The move is 9. Bxe7. We take with the queen, White renews the threat on the pinned knight with their own knight 10. Nbd2 to which the safest move would be 10... Re8, but we defend with the bishop 10... Bf5 setting up another trap! The most played move by White in that position is long castle which loses immediately to ... can you spot it?


What's the winning move? Scroll down to find out!

It's 11... Nxf3! Can you see it? Why does it win? Scroll down to find out!


Oh no, my queen! It's undefended! If White takes it, 12... Nxa2# is mate! Oh, no my knight! It's undefended! if White takes it, 12... Qa3# is mate! And otherwise, it's a queen and rook fork! -4.0 evaluation. Black is winning! And the best move for White is a shameful Qc4 which does nothing except accept defeat.

More on that in the study chapter about dxe4:


Unfortunately, this is not an undefeatable gambit. It can be refuted - which I believe makes a gambit even more fun! - by the move 8. Qc2. It takes the queen away from the dangerous e-file as well as the g4-d1 diagonal, while still defending the central e4 pawn and renewing the threat of Bg5. It also liberates the light square bishop. The best move Black can hope for is c6, trying to break the center. Re8 or h6 are also suggested.


But wait, you will say, what if I play c6 or Re8, won't White do the same thing: Bg5, followed by us taking e4 with the knight? Well, no, because in this case, White doesn't need to bother with Bg5. Bd3, Be3 and Be2 are all available, since they don't block the queen from defending the e4 pawn or are blocked by the queen on e2. One might say that the entire gambit is trying to punish that initial Qe2 move. If the queen moves, it becomes something else entirely.

I can hear you thinking back there: we must be able to do something. How about 8... Bg4, threatening to double pawns when taking the knight? A simple Be2 fixes the issue. Moreover, prepares short castle. You might try 9... Re8, hoping for a 10. Bg5, but O-O just ends your hopes and shatters your dreams.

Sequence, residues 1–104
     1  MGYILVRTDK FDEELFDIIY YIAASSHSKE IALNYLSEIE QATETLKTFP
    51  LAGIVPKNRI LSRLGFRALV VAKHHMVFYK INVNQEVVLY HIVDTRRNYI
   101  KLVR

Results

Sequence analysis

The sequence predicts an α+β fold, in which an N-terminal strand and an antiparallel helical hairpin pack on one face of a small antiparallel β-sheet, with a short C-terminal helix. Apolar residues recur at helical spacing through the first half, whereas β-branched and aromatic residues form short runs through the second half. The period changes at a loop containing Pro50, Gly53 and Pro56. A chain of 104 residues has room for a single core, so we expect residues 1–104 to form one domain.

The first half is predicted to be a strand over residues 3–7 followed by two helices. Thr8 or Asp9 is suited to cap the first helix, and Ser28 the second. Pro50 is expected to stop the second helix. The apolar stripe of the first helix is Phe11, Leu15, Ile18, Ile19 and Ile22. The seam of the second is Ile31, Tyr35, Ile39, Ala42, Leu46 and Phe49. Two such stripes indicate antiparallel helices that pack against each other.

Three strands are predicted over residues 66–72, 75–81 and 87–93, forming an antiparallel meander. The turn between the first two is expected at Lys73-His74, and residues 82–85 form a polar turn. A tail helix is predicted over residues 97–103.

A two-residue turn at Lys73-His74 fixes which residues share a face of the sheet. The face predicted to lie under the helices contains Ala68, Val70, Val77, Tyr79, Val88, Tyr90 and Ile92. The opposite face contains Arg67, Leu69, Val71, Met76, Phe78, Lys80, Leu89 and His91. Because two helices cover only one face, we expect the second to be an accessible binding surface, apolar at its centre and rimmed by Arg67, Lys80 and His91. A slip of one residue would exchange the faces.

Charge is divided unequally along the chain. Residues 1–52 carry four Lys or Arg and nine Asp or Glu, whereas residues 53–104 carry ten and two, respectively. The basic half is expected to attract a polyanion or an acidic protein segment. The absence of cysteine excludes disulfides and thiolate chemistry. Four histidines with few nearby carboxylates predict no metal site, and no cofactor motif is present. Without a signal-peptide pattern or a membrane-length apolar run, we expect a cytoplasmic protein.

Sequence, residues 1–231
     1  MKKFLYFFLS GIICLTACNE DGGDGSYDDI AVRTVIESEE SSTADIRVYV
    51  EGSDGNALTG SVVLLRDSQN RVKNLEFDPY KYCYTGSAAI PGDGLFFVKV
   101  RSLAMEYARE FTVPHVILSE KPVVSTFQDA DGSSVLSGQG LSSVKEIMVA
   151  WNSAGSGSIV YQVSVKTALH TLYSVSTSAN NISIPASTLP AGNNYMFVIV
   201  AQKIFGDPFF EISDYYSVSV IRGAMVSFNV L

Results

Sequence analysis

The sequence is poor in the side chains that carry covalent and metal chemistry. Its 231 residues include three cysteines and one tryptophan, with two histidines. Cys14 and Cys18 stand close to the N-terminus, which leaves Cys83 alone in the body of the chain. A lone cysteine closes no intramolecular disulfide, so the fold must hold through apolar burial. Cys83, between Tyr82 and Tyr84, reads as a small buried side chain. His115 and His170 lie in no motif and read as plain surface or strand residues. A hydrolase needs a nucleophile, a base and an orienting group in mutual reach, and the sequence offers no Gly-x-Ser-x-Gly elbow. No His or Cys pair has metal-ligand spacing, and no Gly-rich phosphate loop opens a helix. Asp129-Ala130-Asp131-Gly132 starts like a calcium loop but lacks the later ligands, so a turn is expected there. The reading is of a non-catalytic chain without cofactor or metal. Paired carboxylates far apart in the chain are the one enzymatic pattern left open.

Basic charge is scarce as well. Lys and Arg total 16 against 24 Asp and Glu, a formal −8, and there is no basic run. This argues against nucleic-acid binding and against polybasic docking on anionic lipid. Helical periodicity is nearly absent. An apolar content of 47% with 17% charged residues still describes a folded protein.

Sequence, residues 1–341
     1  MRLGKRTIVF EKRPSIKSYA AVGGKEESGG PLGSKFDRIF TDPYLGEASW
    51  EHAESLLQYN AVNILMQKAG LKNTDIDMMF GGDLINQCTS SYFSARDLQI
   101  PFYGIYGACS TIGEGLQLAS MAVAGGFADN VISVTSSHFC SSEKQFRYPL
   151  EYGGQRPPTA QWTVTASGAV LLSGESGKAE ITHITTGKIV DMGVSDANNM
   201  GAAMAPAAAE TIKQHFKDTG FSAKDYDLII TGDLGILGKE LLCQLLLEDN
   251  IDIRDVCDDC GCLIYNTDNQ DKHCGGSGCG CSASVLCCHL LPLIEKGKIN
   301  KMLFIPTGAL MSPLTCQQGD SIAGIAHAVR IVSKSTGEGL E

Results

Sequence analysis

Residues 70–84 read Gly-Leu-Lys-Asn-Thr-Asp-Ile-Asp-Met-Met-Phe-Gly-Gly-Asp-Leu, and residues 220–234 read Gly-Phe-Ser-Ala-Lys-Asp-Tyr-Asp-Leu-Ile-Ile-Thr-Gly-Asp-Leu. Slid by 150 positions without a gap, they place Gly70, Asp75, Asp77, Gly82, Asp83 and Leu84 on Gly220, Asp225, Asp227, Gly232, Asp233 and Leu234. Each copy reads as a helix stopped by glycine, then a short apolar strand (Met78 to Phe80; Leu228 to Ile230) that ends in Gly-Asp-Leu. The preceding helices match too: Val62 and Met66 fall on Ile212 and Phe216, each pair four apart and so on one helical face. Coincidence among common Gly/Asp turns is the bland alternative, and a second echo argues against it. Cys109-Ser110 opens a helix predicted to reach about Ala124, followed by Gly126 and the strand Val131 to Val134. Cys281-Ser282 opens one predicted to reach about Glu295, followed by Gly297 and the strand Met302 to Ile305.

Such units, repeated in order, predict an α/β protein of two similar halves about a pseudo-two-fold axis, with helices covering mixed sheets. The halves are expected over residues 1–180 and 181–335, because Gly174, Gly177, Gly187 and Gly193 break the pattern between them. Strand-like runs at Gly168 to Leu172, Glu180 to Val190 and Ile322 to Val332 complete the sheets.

Well what about 8... Bc5 9. Bd3 Ng4 10. O-O ? The knight and the bishop are attacking the king side, Black has more wins in that variation. This works! Well, yeah, for people rated 1900 who probably lost on time or something. The evaluation is +3 and the best moves for Black are f5 or f6.


More in the Refutation chapter of the Lichess study. If you feel you have a fun option coming up after Qc2, let me know. I will name that variation after you!

Other lines

While that may sound like the title of a horror movie, you can get a Reverse Chicken Gambit from the Russian Game: 1. e4 e5 2. Nf3 Nf6 3. d4 exd4 4. e5 Qe7 5. Bd3 d6 6. Bb5+ c6 7. O-O

As you see, the "trick" is to move the bishop twice to get the same position. You don't need to do that, of course, you can try to gain a tempo and use it for something else, like in the Reverse Chicken: Highly Cruciferous variation. Fork or die!

You might find that to get into the particular position in which you unleash the Chicken is not that easy. Even if best SF moves, many people play something else. Maybe not Qe2. Maybe not d3. People are weird...

See some of this in the Lichess study: The Chicken Gambit


While I called it the Chicken, because of the themes and also as an homage to Vampire Chicken, it is hardly a gambit. The Elephant Gambit opening gives up a pawn and then we risk a strategic retreat of the bishop to entice White to go into funny territory, but most of the moves related to the Chicken are best engine moves. Giving up the central pawns for almost no compensation may not appear wise and other lines of the Elephant might be feel more fun, but this is the beginning of a new branch of chess theory in the area. 

Using the William Graif scale for gambits:

  • relatively unknown - ✔️
  • hard to decline - ✖️
  • using natural moves for both sides - ✔️
  • good win condition scenarios - ✔️
  • high reward possibilities - ✔️
  • low risk - ✖️

We get a 4 out of 6.

Let me know if you use it and good luck!